Republican lawmakers in North Carolina are placing a target on the NCAA and ACC after both organizations said they will continue to take into account how friendly local and state laws are toward the LGBTQ community when picking host sites for upcoming championship events.
Last year, the NCAA and ACC both relocated events from North Carolina for the 2016-2017 season because of HB 2, the law that restrict transgender people’s access to bathrooms and overturns local nondiscrimination ordinances. As both organizations prepare to make decisions on host cities for sporting events through the next six years, they have urged North Carolina legislators to repeal the bill, which has Republicans crying foul.
Enter Rep. Mark Brody (R-Monroe), who announced in a Facebook post that he’s filing a bill to investigate the NCAA and ACC. The bill will try and determine whether the two organizations violated their tax-exempt status by engaging in political or lobbying activities that “exceeded their respective charters by using economic retaliation against [North Carolina] for the purpose of forcing the General Assembly to adopt social legislation that is not connected to their core mission.”
“There comes a time when the citizens of North Carolina need to stand up and say ‘Enough of this foolishness!'” Brody wrote. “I believe the NCAA and the ACC have stepped out of bounds and, to the best of my ability, will never allow the General Assembly to relinquish its legislative authority over the internal affairs of the State or succumb to economic extortion to and from either the NCAA or the ACC.”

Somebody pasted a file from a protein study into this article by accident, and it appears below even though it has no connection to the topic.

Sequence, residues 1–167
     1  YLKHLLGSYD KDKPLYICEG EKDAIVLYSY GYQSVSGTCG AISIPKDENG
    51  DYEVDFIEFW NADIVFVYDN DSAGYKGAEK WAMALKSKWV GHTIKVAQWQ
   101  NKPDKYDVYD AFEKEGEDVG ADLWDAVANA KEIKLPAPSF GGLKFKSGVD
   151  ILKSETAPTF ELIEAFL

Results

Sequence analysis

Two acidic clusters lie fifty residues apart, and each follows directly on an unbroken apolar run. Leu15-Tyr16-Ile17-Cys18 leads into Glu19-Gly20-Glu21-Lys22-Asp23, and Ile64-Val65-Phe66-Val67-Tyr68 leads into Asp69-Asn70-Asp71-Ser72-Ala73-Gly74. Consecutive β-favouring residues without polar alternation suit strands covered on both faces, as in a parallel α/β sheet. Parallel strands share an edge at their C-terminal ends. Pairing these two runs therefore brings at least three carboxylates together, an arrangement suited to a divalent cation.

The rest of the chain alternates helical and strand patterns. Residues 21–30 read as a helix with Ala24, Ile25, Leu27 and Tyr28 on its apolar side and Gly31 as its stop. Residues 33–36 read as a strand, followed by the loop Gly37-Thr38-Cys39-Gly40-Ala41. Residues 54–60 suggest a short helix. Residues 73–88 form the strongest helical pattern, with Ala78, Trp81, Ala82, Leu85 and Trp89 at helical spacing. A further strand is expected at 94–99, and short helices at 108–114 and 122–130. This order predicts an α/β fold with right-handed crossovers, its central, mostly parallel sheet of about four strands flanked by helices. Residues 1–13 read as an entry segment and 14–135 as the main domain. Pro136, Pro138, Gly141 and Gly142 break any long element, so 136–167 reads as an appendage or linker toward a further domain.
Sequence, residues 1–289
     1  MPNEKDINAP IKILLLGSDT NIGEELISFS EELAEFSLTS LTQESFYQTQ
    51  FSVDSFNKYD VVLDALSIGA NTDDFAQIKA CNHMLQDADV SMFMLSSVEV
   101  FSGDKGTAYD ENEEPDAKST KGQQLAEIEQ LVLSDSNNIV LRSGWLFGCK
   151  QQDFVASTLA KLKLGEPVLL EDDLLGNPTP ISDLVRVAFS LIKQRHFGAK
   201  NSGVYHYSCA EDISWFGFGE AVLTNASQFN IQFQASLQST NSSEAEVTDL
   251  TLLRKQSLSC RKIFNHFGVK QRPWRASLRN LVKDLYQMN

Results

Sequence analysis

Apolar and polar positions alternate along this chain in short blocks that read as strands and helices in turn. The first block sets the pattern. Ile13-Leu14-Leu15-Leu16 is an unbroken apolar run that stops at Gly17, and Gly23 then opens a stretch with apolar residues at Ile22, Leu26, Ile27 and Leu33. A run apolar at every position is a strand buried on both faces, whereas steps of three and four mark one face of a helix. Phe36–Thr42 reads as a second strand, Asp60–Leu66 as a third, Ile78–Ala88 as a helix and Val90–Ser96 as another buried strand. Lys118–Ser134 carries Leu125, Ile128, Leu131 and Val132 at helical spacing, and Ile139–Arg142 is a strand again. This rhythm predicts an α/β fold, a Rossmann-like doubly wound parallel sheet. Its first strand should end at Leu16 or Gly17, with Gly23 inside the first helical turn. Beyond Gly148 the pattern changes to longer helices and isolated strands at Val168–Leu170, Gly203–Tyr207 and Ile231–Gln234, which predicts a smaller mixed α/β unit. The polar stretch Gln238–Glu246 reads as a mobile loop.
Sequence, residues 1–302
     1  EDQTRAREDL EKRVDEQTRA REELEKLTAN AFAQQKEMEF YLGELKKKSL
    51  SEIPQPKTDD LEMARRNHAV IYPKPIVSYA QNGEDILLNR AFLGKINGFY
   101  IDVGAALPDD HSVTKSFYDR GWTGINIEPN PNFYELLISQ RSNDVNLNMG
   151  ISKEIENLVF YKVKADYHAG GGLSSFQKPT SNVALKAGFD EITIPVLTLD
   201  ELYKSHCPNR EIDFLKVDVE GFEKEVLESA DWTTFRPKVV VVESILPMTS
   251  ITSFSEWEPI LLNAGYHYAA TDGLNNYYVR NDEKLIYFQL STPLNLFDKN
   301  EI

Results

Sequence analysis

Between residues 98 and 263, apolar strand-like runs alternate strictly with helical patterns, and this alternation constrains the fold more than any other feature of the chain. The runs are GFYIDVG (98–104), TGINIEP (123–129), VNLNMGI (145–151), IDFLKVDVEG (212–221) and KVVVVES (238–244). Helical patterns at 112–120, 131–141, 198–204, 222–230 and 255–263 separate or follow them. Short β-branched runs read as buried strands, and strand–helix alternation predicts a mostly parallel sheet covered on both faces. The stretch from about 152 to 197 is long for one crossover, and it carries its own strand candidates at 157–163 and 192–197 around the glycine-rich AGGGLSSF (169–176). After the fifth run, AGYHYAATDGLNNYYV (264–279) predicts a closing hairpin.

As the News & Observer noted when it first broke the news of Brody’s proposed bill, it’s not clear how its provisions would be enforced. According to the IRS website, nonprofit groups aren’t supposed to enjoy tax-exempt status “if a substantial part of its activities is attempting to influence legislation.” Nonprofits may engage in some lobbying, but too much lobbying can endanger a group’s tax-exempt status.
But that still doesn’t resolve the issue of what constitutes “substantial,” or at which point an organization’s lobbying on behalf of LGBTQ players, coaches and fans is considered “too much.” As those terms appear to be subjective, bills like Brody’s appear to be more retaliatory in nature and may be an attempt to bully the NCAA into backing away from its pro-LGBTQ stance by allowing North Carolina to host championship sporting events.
Aware that the NCAA, in particular, may be inclined to avoid controversy by retreating from its past stance, a coalition of more than 80 pro-LGBTQ groups recently signed a letter calling on NCAA President Mark Emmert and the organization’s board of governors to reaffirm their commitment to LGBTQ equality. One way of doing that, the groups suggested, would be to deny bids to host championship sporting events to those cities, states or schools that espouse anti-LGBTQ policies, such as HB 2.